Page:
A beloved teacher at your school dies. A family’s house burns down, and while they all escaped safely, they are left without anything. A child at your school has a serious health issue, and the family is struggling to pay medical bills. Every school is a community, and every community faces tragedy now and then. PTAs spend much of their time helping build and support that community, and when tragedy strikes, PTAs are often asked to or wish to help. So how can PTAs respond in those situations?
The IRS Requirements
501(c)(3) organizations may only collect money to support individuals or families if the organization was created to do so. PTAs are not organized for that purpose, and so cannot donate to individuals or families. That limits how PTAs may legally respond to tragedies.
What PTAs Can Do
While PTAs cannot raise money for individuals or families, there are things that they can do. PTAs may share information about benefits or fundraisers being held for individuals or families, local charities (e.g., a local food bank), or community-based projects (e.g., a food drive). PTAs may also sponsor a food drive or similar activity. For those who would prefer to donate money instead of canned goods, for instance, checks should be made out to the beneficiary of the drive (i.e., the food bank) and not to the PTA. No deposits may be made to the PTA account on behalf of another organization, individual, or family.
For funerals, PTAs can send flowers; however, the PTA budget must have a line item to cover such things (e.g., “Bereavement Fund”), and the PTA should have rules in its adopted policies and procedures regarding when the PTA sends flowers and how much can be spent. Some things to consider when drafting such a policy:
- What is the maximum amount of money the PTA should spend on flowers?
- When does the PTA send flowers? Is it only for current PTA board members, any PTA member, teachers, school staff, past PTA board members still at the school, or students? Determining the specific circumstances when the PTA will send flowers in advance makes it easier to respond when tragedy strikes and emotional decisions can be difficult.
Also note that PTA is a nonsectarian organization, and any flowers sent should reflect that fact.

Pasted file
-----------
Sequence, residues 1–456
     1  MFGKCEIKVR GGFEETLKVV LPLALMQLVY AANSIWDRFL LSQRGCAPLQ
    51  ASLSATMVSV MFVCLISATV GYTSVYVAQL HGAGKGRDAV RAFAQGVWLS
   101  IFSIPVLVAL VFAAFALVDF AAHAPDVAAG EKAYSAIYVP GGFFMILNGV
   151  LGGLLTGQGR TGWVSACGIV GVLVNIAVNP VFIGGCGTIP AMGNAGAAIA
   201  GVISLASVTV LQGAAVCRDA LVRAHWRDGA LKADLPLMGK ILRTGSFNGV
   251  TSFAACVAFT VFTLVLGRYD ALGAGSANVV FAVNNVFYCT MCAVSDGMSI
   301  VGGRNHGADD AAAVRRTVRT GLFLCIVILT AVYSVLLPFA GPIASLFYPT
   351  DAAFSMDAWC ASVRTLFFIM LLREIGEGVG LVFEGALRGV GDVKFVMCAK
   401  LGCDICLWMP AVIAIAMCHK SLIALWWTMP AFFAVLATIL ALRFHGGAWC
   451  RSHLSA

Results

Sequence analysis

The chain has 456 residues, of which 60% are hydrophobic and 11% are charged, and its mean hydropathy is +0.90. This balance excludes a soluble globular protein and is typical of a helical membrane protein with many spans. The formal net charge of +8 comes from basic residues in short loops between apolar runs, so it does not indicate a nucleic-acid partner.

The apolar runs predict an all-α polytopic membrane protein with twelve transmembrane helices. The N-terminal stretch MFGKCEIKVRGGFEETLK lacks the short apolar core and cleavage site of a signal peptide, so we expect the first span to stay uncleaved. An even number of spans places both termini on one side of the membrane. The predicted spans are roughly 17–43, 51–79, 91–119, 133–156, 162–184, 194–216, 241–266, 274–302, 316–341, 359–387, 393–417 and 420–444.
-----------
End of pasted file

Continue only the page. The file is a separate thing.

Donations “in Lieu of Flowers”
In some cases, a family may request donations to certain organizations in lieu of flowers sent to the funeral. Again, this situation is something your PTA should have in its adopted policies and procedures, including how much may be donated and in what situations. In addition, there are IRS requirements regarding non-profit donations and a few additional items to consider.
- The donation must be made to another non-profit. The IRS requires that non-profit funds remain in the non-profit world when donated.
- The non-profit being donated should benefit a larger group of people, not an individual or a family (i.e., not to a scholarship fund for the person’s children).
- The non-profit’s mission should align with the PTA mission.
- The non-profit should not have a history of mishandling funds. CharityNavigator.org can help with this.
- There should be no conflict of interest between the non-profit and the PTA (e.g., PTA members serving in the leadership of the non-profit. Note that, for example, a PTA officer who also helps Habitat for Humanity build homes but otherwise has no role with Habitat is not a conflict of interest.).
Tragedies happen, and often happen quite suddenly. If your PTA has considered what it would do in various situations in advance, it can make dealing with the situation much easier during what can be an emotionally difficult time. Take the time to develop policies and procedures for your PTA and have your membership approve them.